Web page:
On Being Oneself

A few weeks ago, when I posted some thoughts about online engagement, my friend Tim Hutchings very sensibly asked whether some of my suggestions didn’t cancel themselves out, making us less ‘ourselves’ online than we are offline. I think the specific question he raised was addressed in the comments, but there is a bigger question that concerns all of us, whether we go online or not. How can we be ourselves in a world that, by and large, is always pressuring us to be something other than we are? The world of advertising wants us to be thinner, richer, more ‘stylish’ than most of us could ever dream of being (i.e to buy what it is selling). The world of Church wants us to be . . . what exactly?

I often ask myself what the homilist thinks he is doing (in the Catholic Church, the sermon is always preached by a priest or deacon, who must be male). Do the admonitions to be more prayerful, more generous, more this or that really affect us? When I’m exhorted to act in a certain way ‘because you are a nun’, does it ever change me? I have to say that, by and large, I stick with being me, trusting that God doesn’t make junk and sees something incomparably wonderful in each one of us, even me. That isn’t a pretext for not trying to be more prayerful, generous, etc (see above), I think it is to recognize a fundamental truth: we go to heaven, if we go at all, as ourselves β€” smudged with sin, only half-understanding, full of contradictions, the person God created and redeemed. Being oneself is ultimately the only way in which to give God glory.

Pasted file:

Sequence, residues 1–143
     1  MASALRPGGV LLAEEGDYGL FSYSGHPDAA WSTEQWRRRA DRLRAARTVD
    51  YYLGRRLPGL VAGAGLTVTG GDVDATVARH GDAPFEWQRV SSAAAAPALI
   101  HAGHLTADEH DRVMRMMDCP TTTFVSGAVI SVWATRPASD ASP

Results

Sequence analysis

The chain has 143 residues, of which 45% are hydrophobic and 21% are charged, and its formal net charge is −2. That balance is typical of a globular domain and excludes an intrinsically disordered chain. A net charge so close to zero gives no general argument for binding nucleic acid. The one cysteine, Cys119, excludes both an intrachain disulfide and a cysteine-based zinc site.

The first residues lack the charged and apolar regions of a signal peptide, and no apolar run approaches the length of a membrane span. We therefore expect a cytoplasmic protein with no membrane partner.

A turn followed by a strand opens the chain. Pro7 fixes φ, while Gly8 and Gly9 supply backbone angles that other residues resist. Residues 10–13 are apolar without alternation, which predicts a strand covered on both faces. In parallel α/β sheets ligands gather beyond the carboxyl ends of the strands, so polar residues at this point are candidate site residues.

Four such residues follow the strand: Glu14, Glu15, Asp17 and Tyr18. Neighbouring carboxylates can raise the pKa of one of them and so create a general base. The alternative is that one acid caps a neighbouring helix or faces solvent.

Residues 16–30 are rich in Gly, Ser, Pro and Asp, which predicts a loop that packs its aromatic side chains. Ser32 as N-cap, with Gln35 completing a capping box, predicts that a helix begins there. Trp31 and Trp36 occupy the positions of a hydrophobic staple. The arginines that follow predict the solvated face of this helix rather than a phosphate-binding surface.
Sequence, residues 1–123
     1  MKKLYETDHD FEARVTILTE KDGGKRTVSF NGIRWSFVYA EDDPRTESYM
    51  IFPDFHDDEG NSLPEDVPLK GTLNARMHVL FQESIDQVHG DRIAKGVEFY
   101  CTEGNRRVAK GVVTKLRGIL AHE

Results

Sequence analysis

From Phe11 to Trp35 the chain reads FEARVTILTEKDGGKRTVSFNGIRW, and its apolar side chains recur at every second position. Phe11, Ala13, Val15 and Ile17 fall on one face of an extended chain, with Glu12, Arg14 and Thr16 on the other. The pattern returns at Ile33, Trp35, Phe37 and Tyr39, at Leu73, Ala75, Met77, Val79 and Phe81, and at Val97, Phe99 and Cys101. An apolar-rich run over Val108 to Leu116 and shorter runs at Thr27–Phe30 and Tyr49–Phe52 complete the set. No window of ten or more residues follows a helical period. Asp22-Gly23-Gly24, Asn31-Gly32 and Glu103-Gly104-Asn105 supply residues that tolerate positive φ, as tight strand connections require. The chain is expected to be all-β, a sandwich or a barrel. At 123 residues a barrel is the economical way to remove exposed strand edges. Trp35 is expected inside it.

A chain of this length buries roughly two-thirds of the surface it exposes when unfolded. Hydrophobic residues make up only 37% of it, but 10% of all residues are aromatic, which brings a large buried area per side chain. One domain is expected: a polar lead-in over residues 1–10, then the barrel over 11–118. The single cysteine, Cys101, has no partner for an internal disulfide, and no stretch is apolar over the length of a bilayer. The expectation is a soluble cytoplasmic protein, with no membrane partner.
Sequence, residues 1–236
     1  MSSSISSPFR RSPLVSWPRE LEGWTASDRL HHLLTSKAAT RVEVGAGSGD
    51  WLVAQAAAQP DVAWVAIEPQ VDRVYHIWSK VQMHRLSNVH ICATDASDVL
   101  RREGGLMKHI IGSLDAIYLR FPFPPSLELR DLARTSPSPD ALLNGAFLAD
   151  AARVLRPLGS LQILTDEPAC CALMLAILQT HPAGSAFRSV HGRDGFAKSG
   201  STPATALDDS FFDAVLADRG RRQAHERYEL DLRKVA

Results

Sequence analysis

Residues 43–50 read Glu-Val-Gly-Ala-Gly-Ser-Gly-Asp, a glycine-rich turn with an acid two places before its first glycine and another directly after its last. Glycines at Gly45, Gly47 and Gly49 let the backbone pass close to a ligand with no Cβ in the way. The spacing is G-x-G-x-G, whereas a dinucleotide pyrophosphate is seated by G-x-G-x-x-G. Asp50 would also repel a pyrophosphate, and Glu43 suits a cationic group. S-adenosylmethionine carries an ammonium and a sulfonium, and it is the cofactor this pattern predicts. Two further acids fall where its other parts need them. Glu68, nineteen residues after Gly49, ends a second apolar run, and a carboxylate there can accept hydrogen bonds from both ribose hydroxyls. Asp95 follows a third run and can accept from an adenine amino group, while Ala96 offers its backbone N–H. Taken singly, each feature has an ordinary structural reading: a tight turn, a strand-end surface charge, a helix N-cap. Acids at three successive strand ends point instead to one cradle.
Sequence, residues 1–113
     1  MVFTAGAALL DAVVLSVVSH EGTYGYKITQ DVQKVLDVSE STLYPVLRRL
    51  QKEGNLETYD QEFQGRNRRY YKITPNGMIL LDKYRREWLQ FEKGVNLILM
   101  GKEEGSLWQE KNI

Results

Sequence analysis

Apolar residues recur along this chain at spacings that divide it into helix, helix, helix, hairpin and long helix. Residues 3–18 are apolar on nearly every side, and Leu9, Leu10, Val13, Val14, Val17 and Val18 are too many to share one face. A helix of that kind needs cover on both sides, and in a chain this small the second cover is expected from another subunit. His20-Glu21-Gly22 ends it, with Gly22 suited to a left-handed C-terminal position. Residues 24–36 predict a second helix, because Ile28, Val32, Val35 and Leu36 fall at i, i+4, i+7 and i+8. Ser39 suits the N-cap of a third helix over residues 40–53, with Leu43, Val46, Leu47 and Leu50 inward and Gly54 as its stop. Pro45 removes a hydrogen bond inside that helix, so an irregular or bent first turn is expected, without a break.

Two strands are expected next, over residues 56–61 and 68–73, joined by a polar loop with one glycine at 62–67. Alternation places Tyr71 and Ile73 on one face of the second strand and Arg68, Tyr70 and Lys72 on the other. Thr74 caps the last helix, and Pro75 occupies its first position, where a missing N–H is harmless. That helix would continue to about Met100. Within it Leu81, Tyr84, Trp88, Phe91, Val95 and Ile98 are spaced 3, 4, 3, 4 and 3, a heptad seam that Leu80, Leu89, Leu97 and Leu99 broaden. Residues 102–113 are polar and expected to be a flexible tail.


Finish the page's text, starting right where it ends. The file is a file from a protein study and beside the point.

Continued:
13 thoughts on “On Being Oneself”

  1. Such thinking is becoming familar in church circles. I think it important not to go too far down this path, i.e. “Here I am Lord, like it or lump it, take me as I am”. Being ourself is surely a constant process of becoming oneself. As you concede yourself, this means making an effort to copoerate with grace and become a better person (however that may be defined). The sometimes tedious exhortations by preachers are just one way of being reminded of this fact. I think of how good parents constantly educate their children by exhorting them to do this that or other while at the same time wanting them to become nothing but themselves.

    As one who used to preach, I know that it is important to go easy on preachers. Many of them have little or no time to prepare and are often speaking off the cuff, drawing on a fund of overrehearsed personal favourite themes. What is said is frequently coloured by personal concerns and current stresses, rather than being the fruit of more objective meditation and study. Only a few ordained ministers have a real gift for preaching, but they all have to do it. Many of them no doubt serve the faithful more effectively in other ways.

    • If we are to note from which font the ardor parishioners base their faith on, seldom will it be from the pulpit- though of course there are exceptions. Most fall asleep, I myself am guilty of such. So what’s a poor country priest, as most are from my parts of the woods, to do? Definitely get someone else in- even if that someone is a woman- no let me correct that- especially if that someone is a woman.

    • I think Sr Catherine is right- In religious atmospheres there is too much trying to “undo” the person that God has “done”. If I had not laughed so much or wrote romantic love stories in my spare time at the novitiate, both considered in contrast with a religious calling, I would probably still be a nun today.

  2. The Homily at Easter and Christmas is usually given by the Prioress at Turvey Abbey.The monks have always been more inclusive, it came as a shock when I first experienced it but after a few years I came to expect it.

    • That is not permitted by the Catholic Church: the homily is reserved to a priest or deacon, as Digitalnun says. A lay person may speak after Communion, but that does not or should not take the place of the homily after the Gospel.